My Jewishness never appeared as anything else to me but an accidental quality, like, say, my blond mustache (which could equally well have been brown). I never suffered from it, I was never proud of it. Nor is it the fact that I think and write in German that bothers me now—but the fact that 40 million people in the middle of Europe are barbarians. I share this sorrow with quite a lot of other people, including most of the remaining 20 million Germans, inasmuch as these things can be quantified. I believe in a Catholic empire, German and Roman, and I am near to becoming an orthodox, even a militant Catholic. I don’t believe in “humankind”—I never did—but in God, and in the fact that mankind, to whom He shows no mercy, is a piece of shit. … I will do all in my feeble power to bring about a Habsburg return. … Mine is not hatred, but righteous fury. And I will be proved right, because Hitler won’t last more than another year and a half, and then, slowly but surely, we shall have a new German Empire. … The Habsburgs will return. Please don’t deny what’s all too evident! You see I’ve been right thus far. Austria will be a monarchy. I’m right. I foresaw the madness and excess of Prussia. Because I believe in God. And you, you didn’t see it, because you believe in “humankind,” a concept so unclear that by contrast with it, you could think to meet God on the nearest street corner.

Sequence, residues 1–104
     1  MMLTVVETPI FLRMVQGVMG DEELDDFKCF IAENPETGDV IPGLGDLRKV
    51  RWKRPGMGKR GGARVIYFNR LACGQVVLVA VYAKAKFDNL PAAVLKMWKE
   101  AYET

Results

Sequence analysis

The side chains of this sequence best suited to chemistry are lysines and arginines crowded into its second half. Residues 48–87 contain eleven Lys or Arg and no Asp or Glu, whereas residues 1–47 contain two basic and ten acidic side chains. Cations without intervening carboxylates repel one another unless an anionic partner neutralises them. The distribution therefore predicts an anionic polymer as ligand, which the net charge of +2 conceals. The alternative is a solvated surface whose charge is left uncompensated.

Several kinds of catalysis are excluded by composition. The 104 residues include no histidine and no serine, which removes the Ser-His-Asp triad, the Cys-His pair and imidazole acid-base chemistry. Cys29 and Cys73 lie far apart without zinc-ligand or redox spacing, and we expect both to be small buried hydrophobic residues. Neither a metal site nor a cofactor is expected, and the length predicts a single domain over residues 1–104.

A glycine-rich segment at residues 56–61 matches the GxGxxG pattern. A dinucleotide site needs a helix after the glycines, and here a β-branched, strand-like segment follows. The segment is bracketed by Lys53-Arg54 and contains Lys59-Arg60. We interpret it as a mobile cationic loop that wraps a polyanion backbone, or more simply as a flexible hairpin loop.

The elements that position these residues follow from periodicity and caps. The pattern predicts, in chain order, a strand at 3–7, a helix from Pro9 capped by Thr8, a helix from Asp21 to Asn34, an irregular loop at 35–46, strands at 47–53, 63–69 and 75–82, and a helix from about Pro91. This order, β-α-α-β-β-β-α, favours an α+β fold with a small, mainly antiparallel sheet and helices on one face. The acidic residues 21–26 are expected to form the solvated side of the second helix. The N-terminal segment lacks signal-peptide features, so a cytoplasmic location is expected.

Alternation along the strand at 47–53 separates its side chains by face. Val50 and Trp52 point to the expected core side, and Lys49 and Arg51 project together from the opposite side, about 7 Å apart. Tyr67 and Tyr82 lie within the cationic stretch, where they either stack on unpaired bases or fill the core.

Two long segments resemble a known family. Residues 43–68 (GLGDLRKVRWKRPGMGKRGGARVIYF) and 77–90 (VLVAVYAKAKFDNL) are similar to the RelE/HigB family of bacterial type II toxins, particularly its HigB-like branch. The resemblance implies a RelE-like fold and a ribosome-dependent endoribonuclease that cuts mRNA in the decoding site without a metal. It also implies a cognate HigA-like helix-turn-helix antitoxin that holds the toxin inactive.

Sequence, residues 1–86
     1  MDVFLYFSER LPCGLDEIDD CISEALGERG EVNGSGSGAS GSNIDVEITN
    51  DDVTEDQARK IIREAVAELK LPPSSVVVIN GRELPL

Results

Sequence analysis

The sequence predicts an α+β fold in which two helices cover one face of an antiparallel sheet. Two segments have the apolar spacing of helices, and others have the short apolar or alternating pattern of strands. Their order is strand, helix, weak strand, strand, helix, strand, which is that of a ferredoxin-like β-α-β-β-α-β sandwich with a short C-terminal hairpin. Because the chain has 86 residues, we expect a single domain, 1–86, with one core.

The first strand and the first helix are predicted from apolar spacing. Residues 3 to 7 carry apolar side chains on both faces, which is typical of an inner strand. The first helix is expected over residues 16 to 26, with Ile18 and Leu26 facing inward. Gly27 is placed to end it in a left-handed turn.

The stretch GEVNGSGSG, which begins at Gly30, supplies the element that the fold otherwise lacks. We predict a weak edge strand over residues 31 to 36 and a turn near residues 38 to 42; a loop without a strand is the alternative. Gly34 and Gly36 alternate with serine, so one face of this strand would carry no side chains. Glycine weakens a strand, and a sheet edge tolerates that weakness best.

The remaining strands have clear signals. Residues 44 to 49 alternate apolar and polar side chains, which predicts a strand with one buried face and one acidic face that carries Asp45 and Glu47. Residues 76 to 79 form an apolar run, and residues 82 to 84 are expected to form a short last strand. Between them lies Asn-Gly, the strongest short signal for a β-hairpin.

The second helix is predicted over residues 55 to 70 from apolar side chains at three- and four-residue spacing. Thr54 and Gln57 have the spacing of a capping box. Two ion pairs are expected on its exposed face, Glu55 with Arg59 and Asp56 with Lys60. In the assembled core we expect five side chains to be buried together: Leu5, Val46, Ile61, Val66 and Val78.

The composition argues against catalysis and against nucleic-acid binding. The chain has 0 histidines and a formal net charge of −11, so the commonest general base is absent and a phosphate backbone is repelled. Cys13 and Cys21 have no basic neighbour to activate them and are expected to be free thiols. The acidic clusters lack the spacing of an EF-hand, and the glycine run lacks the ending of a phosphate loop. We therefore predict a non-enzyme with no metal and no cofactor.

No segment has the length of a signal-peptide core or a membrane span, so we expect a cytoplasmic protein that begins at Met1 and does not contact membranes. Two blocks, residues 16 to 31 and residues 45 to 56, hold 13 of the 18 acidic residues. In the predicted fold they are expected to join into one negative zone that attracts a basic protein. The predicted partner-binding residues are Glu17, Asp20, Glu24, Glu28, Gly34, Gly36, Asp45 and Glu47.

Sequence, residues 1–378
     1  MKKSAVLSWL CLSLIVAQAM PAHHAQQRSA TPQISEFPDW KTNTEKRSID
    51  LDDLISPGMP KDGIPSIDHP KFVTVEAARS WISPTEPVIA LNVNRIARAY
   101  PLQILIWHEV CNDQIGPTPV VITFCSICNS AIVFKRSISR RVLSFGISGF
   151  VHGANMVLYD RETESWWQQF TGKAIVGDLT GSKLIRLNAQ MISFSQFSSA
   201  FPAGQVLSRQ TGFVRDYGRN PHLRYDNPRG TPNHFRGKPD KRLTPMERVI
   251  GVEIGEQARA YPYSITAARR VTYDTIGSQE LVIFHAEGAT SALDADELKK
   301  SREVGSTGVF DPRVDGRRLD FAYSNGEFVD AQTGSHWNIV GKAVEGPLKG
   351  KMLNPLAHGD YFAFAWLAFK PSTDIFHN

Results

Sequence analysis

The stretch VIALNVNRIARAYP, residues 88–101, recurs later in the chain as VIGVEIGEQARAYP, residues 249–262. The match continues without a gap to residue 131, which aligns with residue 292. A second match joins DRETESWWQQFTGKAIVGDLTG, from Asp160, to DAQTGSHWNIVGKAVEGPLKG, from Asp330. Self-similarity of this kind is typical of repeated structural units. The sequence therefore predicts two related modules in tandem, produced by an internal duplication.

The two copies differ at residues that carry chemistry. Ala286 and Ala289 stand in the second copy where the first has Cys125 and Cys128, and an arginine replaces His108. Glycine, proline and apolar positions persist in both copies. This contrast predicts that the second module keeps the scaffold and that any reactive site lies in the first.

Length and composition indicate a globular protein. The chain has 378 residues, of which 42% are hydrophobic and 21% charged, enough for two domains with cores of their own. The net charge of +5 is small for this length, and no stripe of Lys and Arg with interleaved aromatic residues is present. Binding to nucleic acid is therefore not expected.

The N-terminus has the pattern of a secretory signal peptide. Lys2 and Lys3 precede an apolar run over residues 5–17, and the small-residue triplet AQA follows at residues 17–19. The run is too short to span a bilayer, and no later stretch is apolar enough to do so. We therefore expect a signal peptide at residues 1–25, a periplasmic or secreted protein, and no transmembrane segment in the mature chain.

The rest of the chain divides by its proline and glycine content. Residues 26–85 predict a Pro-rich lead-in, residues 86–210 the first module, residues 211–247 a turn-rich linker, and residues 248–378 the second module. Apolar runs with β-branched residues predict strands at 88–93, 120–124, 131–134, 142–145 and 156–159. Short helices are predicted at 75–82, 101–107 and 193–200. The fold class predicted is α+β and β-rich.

Roth upbraids Zweig in Letter 350 (19 August 1935) for his tardiness in understanding what was happening in Germany and his feeble proposals:

We’ll protest: fine! Another protest. A good protest! And people will sit up and take note. And then what? What is it we want to achieve? You underestimate or ignore a couple of major things:

1. the urge to humiliate Jews didn’t begin yesterday or today; it’s been part of the platform of the Third Reich from the very start. Everyone knows that. Streicher is no different from Hitler, and you didn’t need to wait for Streicher to make his way from Nuremberg to Berlin! The founding principle, so to speak, of National Socialism, is none other than contempt for the Jewish race! Why did it take you this long to grasp that? How come you didn’t get it 2 years ago? 2 ¾ years ago? That bestiality [a word Roth used almost from the beginning when describing the Nazis and their actions] was there from the start. It didn’t suddenly set in a couple of months ago, the vilification of Jews. We were insulted and humiliated from Hitler’s very first day! Why is this protest so tardy?

2. … But do you really think a manifesto can do something so late in the day?

Letter 352 to Stefan Zweig (27 August 1935) encapsulates Roth’s outlook very well: